One of the big surprises of the Holland Dance Festival 2020 was the virtuoso Ce que le jour doit à la nuit – the Dutch debut by the French-Algerian choreographer Hervé Koubi, which was received with great acclaim. While Koubi's personal search for his Algerian roots was the starting point of this overwhelming male choreography, in his latest production, Sol Invictus, he tackles more universal themes. Sol Invictus is a sizzling ode to the connecting power of dance, set against the insignificance of our human existence. For this new work, Koubi again selected – partly with the help of social media – a group of exceptionally talented dancers, this time very diverse in terms of background, appearance and skills, and coming from all over the world. Hip-hoppers, battle champions, but also dancers who have developed their own training and routine in the Amazon region or Siberia.
Fascination with the cosmos
In Sol Invictus, the fifteen dancers operate as a close-knit group, a group in which everyone bears responsibility not only for themselves but also for the others. The first thing Koubi let his dancers know is that he does not use counting in his choreography; with the result that they automatically have to be more focused on each other. Only during the rehearsal process did Koubi shed some light on his sources of inspiration for Sol Invictus. These stem from his fascination for the cosmos and for everything that lives. And it certainly his background, he studied pharmacology and clinical biology, plays a part. “Our insignificance and our loneliness in the cosmos are downright disheartening,” he says. “Only when we accept the challenge of living fully, of bringing light into our darkness ourselves, can our existence have meaning and give us fulfillment.” Dance is essential to him, even indispensable. “Dance creates vital energy, dance helps us face our fears – and therefore ourselves. In Sol Invictus we celebrate life and, as it were, poke fun at death while dancing.”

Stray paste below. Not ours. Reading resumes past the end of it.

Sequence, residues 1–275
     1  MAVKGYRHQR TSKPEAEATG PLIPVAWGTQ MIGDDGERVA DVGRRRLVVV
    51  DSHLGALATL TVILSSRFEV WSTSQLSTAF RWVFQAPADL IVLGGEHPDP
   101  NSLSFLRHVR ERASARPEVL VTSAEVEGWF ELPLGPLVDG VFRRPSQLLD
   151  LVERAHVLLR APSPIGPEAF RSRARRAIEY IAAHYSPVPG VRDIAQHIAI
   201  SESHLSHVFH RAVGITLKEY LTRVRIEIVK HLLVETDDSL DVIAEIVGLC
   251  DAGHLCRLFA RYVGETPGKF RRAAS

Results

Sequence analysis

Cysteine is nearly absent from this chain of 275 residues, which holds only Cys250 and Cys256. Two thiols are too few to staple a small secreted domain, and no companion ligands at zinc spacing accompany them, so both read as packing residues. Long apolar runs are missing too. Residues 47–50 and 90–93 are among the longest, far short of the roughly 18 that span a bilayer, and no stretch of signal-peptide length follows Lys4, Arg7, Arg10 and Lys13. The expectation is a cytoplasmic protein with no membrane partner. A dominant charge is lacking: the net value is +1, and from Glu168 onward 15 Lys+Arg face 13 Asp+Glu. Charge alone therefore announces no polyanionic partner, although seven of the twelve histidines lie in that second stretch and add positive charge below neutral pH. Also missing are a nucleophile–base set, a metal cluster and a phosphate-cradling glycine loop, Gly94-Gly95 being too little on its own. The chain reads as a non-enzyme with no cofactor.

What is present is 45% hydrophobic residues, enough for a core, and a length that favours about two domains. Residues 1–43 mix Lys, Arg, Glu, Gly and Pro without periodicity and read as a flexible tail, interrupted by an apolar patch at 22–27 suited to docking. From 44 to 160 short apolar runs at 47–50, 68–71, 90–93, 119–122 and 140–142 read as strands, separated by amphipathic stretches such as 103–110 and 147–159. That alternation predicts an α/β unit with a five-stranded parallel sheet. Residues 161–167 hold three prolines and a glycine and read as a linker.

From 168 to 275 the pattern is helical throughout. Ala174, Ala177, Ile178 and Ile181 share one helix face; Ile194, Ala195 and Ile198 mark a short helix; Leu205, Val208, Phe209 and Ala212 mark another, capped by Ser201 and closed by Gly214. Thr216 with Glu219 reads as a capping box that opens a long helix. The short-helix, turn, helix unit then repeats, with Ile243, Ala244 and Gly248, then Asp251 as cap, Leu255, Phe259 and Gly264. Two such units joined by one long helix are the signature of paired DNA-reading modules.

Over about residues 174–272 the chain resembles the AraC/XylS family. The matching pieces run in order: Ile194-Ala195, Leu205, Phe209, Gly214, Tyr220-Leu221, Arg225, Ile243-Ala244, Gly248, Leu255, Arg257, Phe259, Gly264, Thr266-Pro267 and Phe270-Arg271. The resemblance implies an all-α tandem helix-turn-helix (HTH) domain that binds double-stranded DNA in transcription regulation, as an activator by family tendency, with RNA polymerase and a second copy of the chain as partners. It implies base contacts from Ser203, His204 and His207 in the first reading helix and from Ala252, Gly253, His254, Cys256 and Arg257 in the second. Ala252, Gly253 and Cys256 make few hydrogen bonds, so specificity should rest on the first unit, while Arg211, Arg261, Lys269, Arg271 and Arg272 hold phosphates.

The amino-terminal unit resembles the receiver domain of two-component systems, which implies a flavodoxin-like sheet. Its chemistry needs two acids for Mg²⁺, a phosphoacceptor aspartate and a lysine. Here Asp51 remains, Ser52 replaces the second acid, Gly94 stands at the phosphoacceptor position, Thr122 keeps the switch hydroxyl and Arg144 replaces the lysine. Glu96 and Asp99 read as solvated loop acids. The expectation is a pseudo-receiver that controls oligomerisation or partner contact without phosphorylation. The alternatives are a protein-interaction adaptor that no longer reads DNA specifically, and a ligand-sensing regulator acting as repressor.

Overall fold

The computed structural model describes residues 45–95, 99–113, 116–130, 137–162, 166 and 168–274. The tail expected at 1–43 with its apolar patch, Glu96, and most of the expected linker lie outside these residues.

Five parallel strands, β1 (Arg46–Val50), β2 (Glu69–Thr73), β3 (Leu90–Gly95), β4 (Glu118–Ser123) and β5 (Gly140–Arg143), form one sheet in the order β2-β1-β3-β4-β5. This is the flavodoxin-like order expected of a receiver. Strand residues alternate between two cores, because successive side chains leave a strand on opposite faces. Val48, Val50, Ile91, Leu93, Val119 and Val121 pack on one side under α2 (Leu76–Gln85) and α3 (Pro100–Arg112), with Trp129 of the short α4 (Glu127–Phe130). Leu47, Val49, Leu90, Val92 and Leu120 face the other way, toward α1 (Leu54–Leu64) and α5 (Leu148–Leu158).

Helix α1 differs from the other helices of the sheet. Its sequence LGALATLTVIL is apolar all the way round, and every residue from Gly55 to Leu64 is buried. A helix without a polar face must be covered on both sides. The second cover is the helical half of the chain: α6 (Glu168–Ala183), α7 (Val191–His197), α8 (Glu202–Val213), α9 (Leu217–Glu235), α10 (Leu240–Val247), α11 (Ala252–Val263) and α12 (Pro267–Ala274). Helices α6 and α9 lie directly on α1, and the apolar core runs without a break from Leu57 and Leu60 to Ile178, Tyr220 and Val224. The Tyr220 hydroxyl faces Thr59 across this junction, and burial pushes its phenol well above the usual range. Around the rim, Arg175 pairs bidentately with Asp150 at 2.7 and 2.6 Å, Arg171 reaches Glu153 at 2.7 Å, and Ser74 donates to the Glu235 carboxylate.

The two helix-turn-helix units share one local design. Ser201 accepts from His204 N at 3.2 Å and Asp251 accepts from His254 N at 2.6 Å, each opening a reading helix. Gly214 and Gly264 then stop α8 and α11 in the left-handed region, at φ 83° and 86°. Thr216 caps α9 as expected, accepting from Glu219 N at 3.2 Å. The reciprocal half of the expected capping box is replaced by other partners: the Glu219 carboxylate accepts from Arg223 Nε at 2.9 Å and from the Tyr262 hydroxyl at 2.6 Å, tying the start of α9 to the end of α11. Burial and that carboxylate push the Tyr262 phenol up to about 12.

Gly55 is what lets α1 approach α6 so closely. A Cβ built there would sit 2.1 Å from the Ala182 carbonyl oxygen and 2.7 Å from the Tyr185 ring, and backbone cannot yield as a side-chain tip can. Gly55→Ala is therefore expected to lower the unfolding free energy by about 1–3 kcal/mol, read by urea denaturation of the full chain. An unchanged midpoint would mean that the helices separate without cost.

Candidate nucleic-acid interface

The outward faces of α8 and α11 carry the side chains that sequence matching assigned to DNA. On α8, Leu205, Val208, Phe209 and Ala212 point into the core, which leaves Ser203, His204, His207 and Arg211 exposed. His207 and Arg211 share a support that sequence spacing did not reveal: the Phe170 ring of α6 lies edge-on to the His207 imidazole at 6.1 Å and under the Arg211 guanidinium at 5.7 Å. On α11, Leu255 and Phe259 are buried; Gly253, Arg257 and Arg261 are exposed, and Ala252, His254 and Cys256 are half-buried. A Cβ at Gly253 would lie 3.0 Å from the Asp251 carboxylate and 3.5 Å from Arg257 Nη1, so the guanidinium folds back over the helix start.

Music for dancing
The new production – which can be seen for a week at the famous Joyce Theater in New York immediately before the performances in our festival – is set to a combination of new compositions by Maxime Bodson and Mikael Karlsson and excerpts from Beethoven's 7th Symphony and Steve Reichs Four Sections. Music that, according to Koubi, mainly expresses hope and to which – in Karlsson's case – you “have to dance”. An important role is also reserved for the set design, in which a large golden canvas, as a symbol of the sun, occupies a central place. Koubi: “Sol Invictus, ‘the unconquered sun’, was not only the Roman god of the sun, but also the name of a ritual that took place during the annual Roman Midwinter festival. This ritual celebrated the passing of the darkest days and better, longer, more sunny days ahead. And that celebration, that hope, that is exactly what Sol Invictus is all about for me.”